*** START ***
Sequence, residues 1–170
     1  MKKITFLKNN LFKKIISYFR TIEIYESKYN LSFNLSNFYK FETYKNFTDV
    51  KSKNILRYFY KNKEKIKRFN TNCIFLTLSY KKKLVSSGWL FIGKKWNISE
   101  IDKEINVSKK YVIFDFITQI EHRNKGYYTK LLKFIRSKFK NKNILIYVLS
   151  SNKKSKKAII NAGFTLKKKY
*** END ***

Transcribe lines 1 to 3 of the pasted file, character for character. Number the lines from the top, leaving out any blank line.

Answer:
Sequence, residues 1–170
     1  MKKITFLKNN LFKKIISYFR TIEIYESKYN LSFNLSNFYK FETYKNFTDV
    51  KSKNILRYFY KNKEKIKRFN TNCIFLTLSY KKKLVSSGWL FIGKKWNISE